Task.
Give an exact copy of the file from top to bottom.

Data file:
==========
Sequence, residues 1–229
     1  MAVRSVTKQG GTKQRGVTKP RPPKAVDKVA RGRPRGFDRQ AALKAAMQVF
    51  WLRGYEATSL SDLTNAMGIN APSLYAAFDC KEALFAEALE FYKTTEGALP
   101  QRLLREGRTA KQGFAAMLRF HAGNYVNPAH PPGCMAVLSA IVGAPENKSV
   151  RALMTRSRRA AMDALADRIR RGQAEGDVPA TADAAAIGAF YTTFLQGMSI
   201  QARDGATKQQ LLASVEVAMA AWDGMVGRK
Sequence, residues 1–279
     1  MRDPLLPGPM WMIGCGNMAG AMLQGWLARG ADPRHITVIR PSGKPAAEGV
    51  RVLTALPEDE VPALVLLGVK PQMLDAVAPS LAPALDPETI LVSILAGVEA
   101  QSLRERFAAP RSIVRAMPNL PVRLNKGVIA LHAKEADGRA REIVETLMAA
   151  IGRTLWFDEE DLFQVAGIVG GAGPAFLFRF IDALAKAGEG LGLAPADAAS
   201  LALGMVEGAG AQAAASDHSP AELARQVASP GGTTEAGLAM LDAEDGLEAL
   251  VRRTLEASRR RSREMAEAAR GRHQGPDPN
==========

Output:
Sequence, residues 1–229
     1  MAVRSVTKQG GTKQRGVTKP RPPKAVDKVA RGRPRGFDRQ AALKAAMQVF
    51  WLRGYEATSL SDLTNAMGIN APSLYAAFDC KEALFAEALE FYKTTEGALP
   101  QRLLREGRTA KQGFAAMLRF HAGNYVNPAH PPGCMAVLSA IVGAPENKSV
   151  RALMTRSRRA AMDALADRIR RGQAEGDVPA TADAAAIGAF YTTFLQGMSI
   201  QARDGATKQQ LLASVEVAMA AWDGMVGRK
Sequence, residues 1–279
     1  MRDPLLPGPM WMIGCGNMAG AMLQGWLARG ADPRHITVIR PSGKPAAEGV
    51  RVLTALPEDE VPALVLLGVK PQMLDAVAPS LAPALDPETI LVSILAGVEA
   101  QSLRERFAAP RSIVRAMPNL PVRLNKGVIA LHAKEADGRA REIVETLMAA
   151  IGRTLWFDEE DLFQVAGIVG GAGPAFLFRF IDALAKAGEG LGLAPADAAS
   201  LALGMVEGAG AQAAASDHSP AELARQVASP GGTTEAGLAM LDAEDGLEAL
   251  VRRTLEASRR RSREMAEAAR GRHQGPDPN